The pertinent lyrics of The Proclaimers’ “I’m Gonna Be” go like this:  But I would walk 500 miles, And I would walk 500 more, Just to be the man who walks a thousand miles, To fall down at your door.  No wonder I’ve got that song on the brain.  I don’t think I’d walk a thousand miles, even for my girl.  But I would walk five miles (about 10,000 steps) to hit my daily tracker goal.

Some content sourced from the 6/12/2020 Wall Street Journal article, “10,000 Steps a Day Is A Myth.  The Number to Stay Healthy Is Far Lower”, and Wikipedia, “the free encyclopedia”.

Behind Bars

Every now and then I crave a Kellogg’s Frosted Brown Sugar Cinnamon Pop Tart. You can debate the matter and say the fruit Tarts are better – Strawberry, Cherry, and Blueberry – and I’ll give you those, but I stand by my boring-looking Brown Sugar Cinnamon. Maybe that’s because I consumed hundreds of them as a kid, piping hot from the toaster.

Somehow Pop Tarts eluded the otherwise healthy content of my mom’s pantry.  You’d walk in to dozens of those little red boxes of raisins, a pretty good assortment of nuts (which were more meant for recipes than snacking), and the occasional graham cracker.  The fruit and veggie drawers in the frig were loaded and there was always a gallon of milk on hand.  Yet there they were, in foil-wrapped packages of two: Kellogg’s Pop Tarts.  I wish I could see the ingredients list from the 1970’s versions versus those of today’s Tarts.  Surely the former leaned more towards “real food” and less towards chemicals, or my mom would’ve never gone for them.

Pop Tarts now come in twenty-seven varieties, which by any standard is ridiculous. Who wouldn’t be happy with the four I already mentioned? (Okay, let’s add Frosted Chocolate Fudge and call it good).  Do we really need options like “Wildlicious Wild! Cherry”, or “Confetti Cupcake”? Apparently so, because that’s where our demand for choices has taken us. The new approach to snacks: invent one, sell enough to get them into everyday conversation, then evolve to twenty-seven varieties.  Have you seen your options with Oreo’s these days?  I rest my case.

The other day I traveled down the cereal aisle of our grocery store for the first time in a long time (we have house guests). I was shocked to discover the “healthy cereal” section is just as big as the space reserved for regular cereals. Even more interesting, the overhead signs on the aisle first announce “Cereals”, followed by “Granola” a little further down, followed by “Diet and Fitness” a little further than that.  The entire aisle feels like the same kind of food, only you start with boxes, morph to bags, and end up with little bars.  I’d love to know the combined total grams of protein in the products in the “Diet and Fitness” section.  Gotta be ten thousand or more.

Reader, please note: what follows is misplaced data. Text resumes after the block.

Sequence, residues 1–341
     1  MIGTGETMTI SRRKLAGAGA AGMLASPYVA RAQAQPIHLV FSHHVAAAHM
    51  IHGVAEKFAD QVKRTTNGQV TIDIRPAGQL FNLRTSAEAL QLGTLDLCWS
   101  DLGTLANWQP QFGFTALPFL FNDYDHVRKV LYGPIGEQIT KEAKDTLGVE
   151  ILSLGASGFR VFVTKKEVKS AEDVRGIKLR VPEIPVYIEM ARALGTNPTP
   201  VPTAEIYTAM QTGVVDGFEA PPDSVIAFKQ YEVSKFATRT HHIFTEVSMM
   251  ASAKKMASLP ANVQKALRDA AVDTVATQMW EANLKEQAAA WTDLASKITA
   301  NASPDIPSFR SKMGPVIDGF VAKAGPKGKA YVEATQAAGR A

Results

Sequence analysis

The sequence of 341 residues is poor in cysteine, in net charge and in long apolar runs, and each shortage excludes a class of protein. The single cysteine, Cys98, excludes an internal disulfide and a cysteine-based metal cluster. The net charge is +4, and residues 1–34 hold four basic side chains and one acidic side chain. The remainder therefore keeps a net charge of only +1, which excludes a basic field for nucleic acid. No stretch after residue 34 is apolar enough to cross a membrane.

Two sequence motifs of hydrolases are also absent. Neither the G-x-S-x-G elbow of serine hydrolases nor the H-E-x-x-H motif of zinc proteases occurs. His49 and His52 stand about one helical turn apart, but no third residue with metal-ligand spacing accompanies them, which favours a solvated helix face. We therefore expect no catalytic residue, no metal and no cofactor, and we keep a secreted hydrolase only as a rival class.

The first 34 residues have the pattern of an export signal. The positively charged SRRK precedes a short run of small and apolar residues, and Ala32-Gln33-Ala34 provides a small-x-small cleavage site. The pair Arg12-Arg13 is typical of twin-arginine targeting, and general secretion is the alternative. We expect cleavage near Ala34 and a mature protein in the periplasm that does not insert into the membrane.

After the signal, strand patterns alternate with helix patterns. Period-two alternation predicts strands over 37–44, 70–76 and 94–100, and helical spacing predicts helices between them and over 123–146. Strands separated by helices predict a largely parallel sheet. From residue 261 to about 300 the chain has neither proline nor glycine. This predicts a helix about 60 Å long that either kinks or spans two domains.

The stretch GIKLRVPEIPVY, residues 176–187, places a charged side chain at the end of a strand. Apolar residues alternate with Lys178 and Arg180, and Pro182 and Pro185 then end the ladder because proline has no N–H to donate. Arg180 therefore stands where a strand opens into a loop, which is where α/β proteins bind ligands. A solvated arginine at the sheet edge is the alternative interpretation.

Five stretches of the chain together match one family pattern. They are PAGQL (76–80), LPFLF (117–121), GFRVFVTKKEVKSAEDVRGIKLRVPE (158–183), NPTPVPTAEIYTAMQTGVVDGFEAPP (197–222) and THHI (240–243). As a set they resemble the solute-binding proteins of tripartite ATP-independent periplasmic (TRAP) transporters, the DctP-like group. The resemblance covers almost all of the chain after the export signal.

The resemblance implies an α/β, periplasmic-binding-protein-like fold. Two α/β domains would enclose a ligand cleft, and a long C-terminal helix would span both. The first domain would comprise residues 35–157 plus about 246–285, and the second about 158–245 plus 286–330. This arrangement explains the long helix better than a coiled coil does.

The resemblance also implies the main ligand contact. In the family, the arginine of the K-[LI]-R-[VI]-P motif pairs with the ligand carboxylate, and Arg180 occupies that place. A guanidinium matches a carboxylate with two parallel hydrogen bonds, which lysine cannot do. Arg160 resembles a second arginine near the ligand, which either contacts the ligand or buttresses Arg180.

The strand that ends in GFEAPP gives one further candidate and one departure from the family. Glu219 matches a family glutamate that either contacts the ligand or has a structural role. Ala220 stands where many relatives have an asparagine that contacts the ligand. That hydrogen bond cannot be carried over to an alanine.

Fun facts: Americans now choose from over 400 brands of “healthy” bars, in 4,000 varieties.  At $6 billion in 2012, the healthy bar market was only 17% as big as that of savory snacks ($34 billion) but growing in a hurry.  American children consume almost 500 calories a day in snacks.  The routine starts when we’re young.

Snack bars seem to be almost-entirely carbs or almost-entirely protein. I won’t comment on the first variety because I don’t eat them (I’ve moved on from Pop Tarts), and I don’t even see the carb variety because our store puts them over in the cookie aisle. But protein bars are a challenging enough decision. For starters, are protein bars a “snack” or a “meal”? Many are advertised as “meal-replacements”. Others look small enough to be snacks. Even the ever-present “Nutrition Facts” label doesn’t really lend a hand, except to confirm you’re taking in more calories and sugar than you’d hoped.

I belong to Lifetime Fitness here In Colorado, a gym which stresses “healthy lifestyle” in everything they offer, whether personal training sessions, workout classes, spa treatments, or a cafeteria full of healthy choices. The mantra I hear like a broken record: “carb-up” at least an hour before the workout; “protein-up” within 45 minutes after. I’m sure some would dispute that approach, but regardless, it suggests a “snack” before AND after a workout.  And as I stand in “Diet and Fitness”, I ask myself, “Is that snack half of a “meal-replacement” bar?  Two or three of the “fun-size”?  Scrap the whole aisle and go with fruit and cheese instead?”